Coronavirus Markets Vs Science

If you have had trouble breathing lately there may be a good reason. A dome of high pressure has moved over Daviess County and the rest of the Midwest bringing with it scorching high temperatures and miserable humidities. But that isn’t even the sum of the problems lingering in the air this past week.

“There have been a lot of air quality issues in our area during this same time,” said Daviess County Emergency Management Agency Director Scott Myers. “The big problem has been particulates resulting from the wildfires out west. That smoke has been constant and it gets caught in the jet stream and has been moving across southern Indiana.”

Air quality alerts are nothing unusual for this time of year. Summer often brings ozone alerts, but Myers says the latest alerts are different.

“These are much worse for people with breathing issues,” said Myers. “The dome may get a push this weekend and we will see some cooler temperatures, but the fires are continuing. The best hope is the front coming through pushes the jet stream to the south.

While the big summer heat wave is creating problems, it does not appear to be responsible for an increase in hospitalizations in Daviess County.

Daviess County Hospital Administrator Tracy Conroy described an increase in patients census at the hospital during the heat wave as coincidental and not causal.

“We have had an increase in the census at the hospital and that is kind of unusual for this time of year,” said Conroy. “We are busy and we are seeing more ER visits.”

Officials say that normally when weather and air quality cause problems it is hardest on those who work outside for extended periods of time and those with pre-existing conditions like COPD, emphysema and asthma. But while officials are not reporting that those cases are not driving the increase, they are not pointing to anything particular raising the number of patients. There are some things though that are helping it along.

“COVID is spiking again,” said Conroy. “I know our county level is still blue (meaning a low level of spread), but we do have cases in the hospital now and that number could increase very quickly. With our low vaccination rate in the county, I think we have been very lucky.”

State health officials report the COVID cases are the worse since the end of May and are now running more than 1,000 new cases per day. About 2.9 million Hoosiers are fully vaccinated. That’s less than half of the state and Daviess County’s vaccination percentage is still below 30%. The ISDH reports nearly all recent COVID deaths and hospitalizations have involved people who were not vaccinated.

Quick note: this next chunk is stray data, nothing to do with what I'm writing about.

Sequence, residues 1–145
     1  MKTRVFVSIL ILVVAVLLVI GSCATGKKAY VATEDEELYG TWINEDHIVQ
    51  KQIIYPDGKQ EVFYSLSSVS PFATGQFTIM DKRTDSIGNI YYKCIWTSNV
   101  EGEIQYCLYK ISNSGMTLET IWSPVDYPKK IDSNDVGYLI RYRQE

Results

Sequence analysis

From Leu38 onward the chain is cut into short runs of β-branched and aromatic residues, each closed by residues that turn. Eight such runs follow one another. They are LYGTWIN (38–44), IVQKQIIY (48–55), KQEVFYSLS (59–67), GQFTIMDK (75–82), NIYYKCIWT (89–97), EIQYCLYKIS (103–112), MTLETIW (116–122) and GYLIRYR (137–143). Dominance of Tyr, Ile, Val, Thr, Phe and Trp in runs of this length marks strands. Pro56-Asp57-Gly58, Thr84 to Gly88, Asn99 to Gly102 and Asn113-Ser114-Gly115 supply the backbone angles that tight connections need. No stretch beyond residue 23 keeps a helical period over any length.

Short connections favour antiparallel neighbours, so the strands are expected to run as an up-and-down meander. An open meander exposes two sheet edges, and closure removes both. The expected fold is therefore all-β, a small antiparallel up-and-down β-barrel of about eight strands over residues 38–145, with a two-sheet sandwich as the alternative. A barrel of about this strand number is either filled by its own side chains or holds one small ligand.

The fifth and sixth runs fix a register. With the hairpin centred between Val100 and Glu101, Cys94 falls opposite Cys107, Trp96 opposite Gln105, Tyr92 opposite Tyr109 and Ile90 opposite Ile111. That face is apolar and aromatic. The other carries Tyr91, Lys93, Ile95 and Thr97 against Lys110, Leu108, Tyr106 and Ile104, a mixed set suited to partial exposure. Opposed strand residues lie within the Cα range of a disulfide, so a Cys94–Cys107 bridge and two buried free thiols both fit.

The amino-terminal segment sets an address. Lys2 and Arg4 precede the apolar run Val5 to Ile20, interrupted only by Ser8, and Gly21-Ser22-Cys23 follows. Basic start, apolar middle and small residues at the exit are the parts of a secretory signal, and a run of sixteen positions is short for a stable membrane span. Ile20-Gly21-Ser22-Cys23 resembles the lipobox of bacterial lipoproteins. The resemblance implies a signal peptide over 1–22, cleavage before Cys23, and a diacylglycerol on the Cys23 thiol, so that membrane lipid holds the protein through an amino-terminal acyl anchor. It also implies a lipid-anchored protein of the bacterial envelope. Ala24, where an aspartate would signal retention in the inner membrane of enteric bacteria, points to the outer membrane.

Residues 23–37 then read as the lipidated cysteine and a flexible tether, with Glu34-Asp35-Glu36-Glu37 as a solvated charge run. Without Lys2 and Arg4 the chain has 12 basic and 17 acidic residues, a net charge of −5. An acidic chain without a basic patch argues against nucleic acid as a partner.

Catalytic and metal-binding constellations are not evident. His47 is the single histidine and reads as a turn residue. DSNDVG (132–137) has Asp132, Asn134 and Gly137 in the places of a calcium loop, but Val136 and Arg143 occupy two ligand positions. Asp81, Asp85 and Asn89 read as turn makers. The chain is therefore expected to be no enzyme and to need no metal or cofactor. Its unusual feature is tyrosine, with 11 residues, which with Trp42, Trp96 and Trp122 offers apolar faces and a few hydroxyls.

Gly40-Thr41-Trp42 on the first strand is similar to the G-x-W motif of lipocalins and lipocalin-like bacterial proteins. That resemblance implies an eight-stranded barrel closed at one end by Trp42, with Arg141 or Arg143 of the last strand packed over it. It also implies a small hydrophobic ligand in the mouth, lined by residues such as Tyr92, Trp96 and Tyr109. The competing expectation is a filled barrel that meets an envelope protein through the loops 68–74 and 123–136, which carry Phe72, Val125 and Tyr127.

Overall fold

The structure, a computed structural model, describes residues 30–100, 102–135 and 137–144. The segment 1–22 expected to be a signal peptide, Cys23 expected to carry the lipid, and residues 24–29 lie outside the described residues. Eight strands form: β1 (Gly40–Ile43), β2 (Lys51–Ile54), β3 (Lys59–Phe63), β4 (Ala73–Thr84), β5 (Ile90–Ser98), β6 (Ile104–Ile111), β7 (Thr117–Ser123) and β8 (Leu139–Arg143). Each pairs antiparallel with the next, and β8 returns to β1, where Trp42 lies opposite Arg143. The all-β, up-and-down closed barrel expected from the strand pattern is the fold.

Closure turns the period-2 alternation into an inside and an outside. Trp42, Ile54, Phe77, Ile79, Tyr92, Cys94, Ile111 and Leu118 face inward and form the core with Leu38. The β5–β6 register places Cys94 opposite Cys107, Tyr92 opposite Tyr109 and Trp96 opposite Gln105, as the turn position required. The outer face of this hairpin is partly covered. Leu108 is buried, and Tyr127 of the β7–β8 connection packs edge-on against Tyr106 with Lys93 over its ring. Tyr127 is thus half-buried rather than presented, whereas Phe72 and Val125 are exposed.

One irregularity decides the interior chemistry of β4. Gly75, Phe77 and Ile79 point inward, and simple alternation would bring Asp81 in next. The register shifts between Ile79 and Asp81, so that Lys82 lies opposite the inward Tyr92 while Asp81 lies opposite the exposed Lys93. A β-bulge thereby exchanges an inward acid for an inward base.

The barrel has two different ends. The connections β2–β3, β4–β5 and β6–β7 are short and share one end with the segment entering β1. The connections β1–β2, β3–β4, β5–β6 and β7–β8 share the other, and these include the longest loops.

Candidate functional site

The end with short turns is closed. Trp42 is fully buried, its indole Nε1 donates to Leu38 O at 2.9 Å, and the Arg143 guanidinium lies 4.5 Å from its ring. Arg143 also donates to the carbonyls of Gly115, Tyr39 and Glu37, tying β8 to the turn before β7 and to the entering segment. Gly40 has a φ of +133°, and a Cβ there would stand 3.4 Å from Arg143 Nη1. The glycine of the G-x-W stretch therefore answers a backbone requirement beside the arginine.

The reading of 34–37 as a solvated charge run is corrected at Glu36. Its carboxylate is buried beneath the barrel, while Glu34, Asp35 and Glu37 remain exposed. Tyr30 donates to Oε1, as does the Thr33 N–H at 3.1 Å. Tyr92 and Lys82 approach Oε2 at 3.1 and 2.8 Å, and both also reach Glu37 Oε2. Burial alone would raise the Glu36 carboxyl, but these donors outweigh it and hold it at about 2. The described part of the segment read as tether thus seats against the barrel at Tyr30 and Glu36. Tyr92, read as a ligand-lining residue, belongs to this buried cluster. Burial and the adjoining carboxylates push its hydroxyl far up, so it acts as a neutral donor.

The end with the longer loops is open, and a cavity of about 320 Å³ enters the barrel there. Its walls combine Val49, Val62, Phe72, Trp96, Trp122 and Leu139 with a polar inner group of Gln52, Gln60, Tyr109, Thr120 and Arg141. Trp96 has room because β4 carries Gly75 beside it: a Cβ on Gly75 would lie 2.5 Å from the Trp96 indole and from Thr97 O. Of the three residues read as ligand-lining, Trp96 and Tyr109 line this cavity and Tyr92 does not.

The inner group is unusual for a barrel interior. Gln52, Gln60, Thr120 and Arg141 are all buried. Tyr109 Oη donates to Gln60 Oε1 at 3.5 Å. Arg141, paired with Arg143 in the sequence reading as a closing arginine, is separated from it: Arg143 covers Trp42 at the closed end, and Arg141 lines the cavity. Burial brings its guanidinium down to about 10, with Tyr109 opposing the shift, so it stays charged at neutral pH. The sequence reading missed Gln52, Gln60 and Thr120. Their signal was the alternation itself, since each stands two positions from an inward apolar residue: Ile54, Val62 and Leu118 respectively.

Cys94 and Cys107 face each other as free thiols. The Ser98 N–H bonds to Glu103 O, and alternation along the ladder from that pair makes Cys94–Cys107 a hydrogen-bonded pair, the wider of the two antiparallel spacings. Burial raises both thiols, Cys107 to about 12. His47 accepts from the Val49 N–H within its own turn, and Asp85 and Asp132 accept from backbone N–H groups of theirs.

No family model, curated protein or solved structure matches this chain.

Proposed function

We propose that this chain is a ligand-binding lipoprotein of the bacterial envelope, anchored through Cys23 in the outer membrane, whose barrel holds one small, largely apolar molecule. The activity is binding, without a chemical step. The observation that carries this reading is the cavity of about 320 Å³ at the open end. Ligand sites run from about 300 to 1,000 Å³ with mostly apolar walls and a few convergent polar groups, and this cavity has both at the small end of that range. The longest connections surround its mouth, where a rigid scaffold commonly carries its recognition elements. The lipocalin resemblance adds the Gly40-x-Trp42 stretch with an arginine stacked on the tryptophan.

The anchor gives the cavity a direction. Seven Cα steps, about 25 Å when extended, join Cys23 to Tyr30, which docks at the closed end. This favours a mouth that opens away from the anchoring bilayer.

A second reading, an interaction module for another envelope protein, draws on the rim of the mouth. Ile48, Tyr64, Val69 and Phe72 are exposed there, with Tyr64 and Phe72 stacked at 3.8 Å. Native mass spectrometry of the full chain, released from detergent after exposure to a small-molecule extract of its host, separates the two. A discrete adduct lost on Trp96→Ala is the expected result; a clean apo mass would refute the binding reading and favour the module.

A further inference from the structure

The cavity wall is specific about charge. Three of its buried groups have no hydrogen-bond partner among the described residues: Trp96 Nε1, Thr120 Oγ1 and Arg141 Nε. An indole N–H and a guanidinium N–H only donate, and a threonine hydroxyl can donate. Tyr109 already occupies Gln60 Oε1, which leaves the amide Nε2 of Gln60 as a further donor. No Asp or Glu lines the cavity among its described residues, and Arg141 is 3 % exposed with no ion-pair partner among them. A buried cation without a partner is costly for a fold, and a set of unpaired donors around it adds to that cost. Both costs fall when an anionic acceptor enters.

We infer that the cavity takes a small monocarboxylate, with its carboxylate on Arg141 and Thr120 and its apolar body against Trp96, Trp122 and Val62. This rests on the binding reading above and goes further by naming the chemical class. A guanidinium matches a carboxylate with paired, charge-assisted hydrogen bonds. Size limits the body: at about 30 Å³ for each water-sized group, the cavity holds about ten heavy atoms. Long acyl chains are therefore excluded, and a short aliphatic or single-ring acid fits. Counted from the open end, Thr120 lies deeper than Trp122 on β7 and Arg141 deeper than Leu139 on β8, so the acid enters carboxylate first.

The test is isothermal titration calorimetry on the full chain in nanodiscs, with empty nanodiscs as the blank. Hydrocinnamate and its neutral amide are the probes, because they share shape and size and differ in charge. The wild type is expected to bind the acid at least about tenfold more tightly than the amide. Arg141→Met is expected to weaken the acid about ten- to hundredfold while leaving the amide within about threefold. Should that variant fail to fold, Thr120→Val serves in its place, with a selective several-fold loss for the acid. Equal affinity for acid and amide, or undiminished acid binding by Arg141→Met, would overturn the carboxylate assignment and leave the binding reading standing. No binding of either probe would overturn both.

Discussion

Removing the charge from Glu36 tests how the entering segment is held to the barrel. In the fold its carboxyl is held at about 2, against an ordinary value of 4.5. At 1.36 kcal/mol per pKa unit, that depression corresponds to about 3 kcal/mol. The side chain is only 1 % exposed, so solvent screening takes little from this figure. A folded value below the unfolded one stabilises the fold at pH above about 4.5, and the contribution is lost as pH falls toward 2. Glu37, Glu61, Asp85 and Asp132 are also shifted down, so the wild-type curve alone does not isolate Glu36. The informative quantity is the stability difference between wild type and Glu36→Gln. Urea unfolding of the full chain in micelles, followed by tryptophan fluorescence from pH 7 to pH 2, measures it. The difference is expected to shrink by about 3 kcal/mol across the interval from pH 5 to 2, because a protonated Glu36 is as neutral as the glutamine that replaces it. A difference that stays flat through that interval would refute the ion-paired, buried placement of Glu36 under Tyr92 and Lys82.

“This has now changed to the pandemic of the unvaccinated,” said Conroy. “That is concerning because if we fill up with COVID patients we worry what will happen to our heart patients and people who need other treatments.”

State officials report many hospitals in the state have gone to a diversion status where they are so full that they are sending patients to other hospitals. Much of that is being driven by shortages of staff rather than the number of beds available.

“We have not gone to diversion,” said Conroy. “Right now, we are keeping our COVID patients in negative-air-rooms, but we have not opened our respiratory care unit yet. We have a number of positions open but it is not enough to cause us to stop taking patients.”

DCH has utilized some “travel nurses” to cover shortages through the pandemic. Some of those may get their contracts extended.

“We don’t want to be losing staff, when we are seeing a higher census,” said Conroy. “We had intended to let some of those contracts go soon, but we can make changes.”

Perhaps, the biggest surprise when it comes to COVID this week is that Daviess, Martin and Orange counties have created an island of low spread “blue” counties in the state department of health Covid spread map.

Neighboring Greene, Dubois, Pike and Knox counties were listed as “yellow” indicating moderate spread of the disease.

Knox was an improvement from the previous week when it had been listed in the “orange” category, along with Gibson County.

Gibson remains in the “orange” category.

Local officials point out that an outbreak in one county of the highly contagious delta variant can easily spread.

Daviess County has more than 500 people who drive everyday to Gibson County to work. Knox and Daviess County commuting patterns show more than 1,000 people living in one county and working in the other every day.

“We just have too many unvaccinated people,” said Conroy.

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